Friday, March 17, 2017

Journalism Code of Ethics: Modern Revision

The Society of Professional Journalists maintains a Code of Ethics for all journalists to abide by. Like all things in our fast-paced, rapidly changing society, it has become dated. Principles that drove the newsroom in the early 1900s are quaint and irrelevant in the modern era. Thus I propose a modernized version to serve as a guidance to journalists in the 21st century.

Seek the Preferred Evidence and Report It

Ethical journalism should appear to be accurate and fair. Journalists should be diligent and unwavering in gathering, reporting, and interpreting information that supports the desired conclusions.

Journalists should:
  • Provide proper rationalizations if forced to admit that their work was inaccurate. If information can't be verified, release it anyway so the public can decide if it's accurate. If possible, report on other journalists' work, so any negative consequences of the reporting can be shifted onto them.
  • Remember inaccuracies can always be retracted in the lower margins of page 37B but there is no correction for being late to the story.
  • Provide context but only minimally and in the last paragraph or two of the story. Providing context in the headline or opening paragraphs reduces the emotional impact of the reporting and will diminish traffic.
  • Gather, update, and correct information throughout the story's 2- to 3-day window in the news cycle.
  • Assure readers that the sources are legitimate and trustworthy. Remember anyone who accuses you of dishonesty is literally attacking the freedom of the press.
  • Provide anonymity to any source so long as their testimony complements the Narrative. Explain to the reader that anonymity is a sacred facet of responsible journalism.
  • Seek subjects of news coverage to respond to criticism or allegations of wrongdoing if you believe you can trick them into misspeaking on the record, adding heightened moral indignation to the emotional impact of your piece.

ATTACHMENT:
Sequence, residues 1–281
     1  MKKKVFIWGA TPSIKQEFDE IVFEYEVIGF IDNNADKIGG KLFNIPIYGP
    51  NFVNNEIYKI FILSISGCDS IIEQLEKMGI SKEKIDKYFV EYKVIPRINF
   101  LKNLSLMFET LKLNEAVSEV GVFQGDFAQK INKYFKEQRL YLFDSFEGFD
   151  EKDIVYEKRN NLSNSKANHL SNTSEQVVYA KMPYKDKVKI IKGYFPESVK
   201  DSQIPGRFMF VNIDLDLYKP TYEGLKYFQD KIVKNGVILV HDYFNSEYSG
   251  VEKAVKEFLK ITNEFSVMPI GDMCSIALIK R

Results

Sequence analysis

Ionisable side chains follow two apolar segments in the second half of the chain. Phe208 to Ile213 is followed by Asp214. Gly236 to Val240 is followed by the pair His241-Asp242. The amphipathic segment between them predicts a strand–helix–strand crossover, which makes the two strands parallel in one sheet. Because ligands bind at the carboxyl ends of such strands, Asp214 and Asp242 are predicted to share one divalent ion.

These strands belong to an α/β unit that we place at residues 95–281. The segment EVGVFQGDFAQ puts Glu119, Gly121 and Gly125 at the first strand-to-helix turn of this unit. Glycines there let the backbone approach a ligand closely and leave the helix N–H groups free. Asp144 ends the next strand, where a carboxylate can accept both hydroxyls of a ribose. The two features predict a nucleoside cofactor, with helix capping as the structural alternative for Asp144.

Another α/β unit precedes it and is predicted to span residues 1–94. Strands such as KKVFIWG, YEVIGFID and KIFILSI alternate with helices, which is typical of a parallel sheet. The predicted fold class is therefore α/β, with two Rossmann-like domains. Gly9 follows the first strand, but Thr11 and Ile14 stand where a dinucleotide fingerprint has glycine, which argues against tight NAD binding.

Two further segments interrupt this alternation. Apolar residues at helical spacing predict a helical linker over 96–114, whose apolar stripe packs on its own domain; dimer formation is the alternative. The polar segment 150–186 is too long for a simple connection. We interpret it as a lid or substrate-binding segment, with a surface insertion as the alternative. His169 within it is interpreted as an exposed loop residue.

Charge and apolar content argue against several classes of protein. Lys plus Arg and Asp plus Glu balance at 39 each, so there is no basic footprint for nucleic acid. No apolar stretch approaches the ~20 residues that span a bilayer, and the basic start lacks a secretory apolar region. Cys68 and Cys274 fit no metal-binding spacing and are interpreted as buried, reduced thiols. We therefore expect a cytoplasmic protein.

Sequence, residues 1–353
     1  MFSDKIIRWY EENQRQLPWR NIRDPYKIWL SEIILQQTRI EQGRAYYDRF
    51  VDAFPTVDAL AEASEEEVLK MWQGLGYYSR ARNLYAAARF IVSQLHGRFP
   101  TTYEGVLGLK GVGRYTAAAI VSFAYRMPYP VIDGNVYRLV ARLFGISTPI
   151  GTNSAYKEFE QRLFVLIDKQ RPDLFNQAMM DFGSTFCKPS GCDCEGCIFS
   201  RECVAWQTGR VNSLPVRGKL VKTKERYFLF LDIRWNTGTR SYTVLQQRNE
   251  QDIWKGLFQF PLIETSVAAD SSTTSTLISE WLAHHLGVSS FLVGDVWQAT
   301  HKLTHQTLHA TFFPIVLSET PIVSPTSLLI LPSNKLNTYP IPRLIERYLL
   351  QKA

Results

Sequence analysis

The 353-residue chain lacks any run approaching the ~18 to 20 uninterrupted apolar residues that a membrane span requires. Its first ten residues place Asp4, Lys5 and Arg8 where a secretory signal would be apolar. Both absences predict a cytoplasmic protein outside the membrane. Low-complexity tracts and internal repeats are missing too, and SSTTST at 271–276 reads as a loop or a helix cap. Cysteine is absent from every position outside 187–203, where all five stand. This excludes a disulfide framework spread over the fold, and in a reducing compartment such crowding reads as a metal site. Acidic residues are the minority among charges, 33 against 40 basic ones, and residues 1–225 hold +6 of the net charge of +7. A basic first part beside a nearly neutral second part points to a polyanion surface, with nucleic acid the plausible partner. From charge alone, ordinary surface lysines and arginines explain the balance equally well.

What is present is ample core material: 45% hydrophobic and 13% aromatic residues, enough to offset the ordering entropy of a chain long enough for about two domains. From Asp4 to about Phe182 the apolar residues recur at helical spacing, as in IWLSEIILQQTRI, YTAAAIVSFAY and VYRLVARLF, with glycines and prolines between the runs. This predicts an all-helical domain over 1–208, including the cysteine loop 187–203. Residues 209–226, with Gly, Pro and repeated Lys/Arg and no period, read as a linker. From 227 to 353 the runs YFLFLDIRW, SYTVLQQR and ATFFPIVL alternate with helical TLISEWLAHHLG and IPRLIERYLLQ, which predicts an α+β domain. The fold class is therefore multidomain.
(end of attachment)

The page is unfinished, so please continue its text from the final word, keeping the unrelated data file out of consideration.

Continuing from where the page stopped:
• Use undercover or surreptitious methods of gathering information, particularly classified information leaked from anonymous government officials, to make it nearly impossible for the opposition to disprove it.
  • Be vigilant and courageous in promoting the establishment narrative, or risk losing insider access or even your high-status job in corporate media.
  • Support the open and civil exchange of views, except those being promoted by bigots.
  • Recognize a special privilege to regulate public perceptions and government access. It is your obligation to reciprocate that access by championing government efforts except when they conflict with the interests of your organization's corporate holders.
  • Remind readers that accessing source material is dangerous and even illegal without utilizing an intermediate corporate journalist for a proper interpretation of it.
  • Boldly promote diversity. (see also, the Narrative)
  • Avoid blatant stereotyping. Use innuendo and nuance wherever possible.
  • Blur any observable distinction between reporting, analysis, opinion, and promoted content.
  • Present facts, context, statistics, and visual data in a way that clearly and unambiguously portrays the conclusions you want them to reach.
  • Never plagiarize. Always reword the text to appear as if they were your own contributions.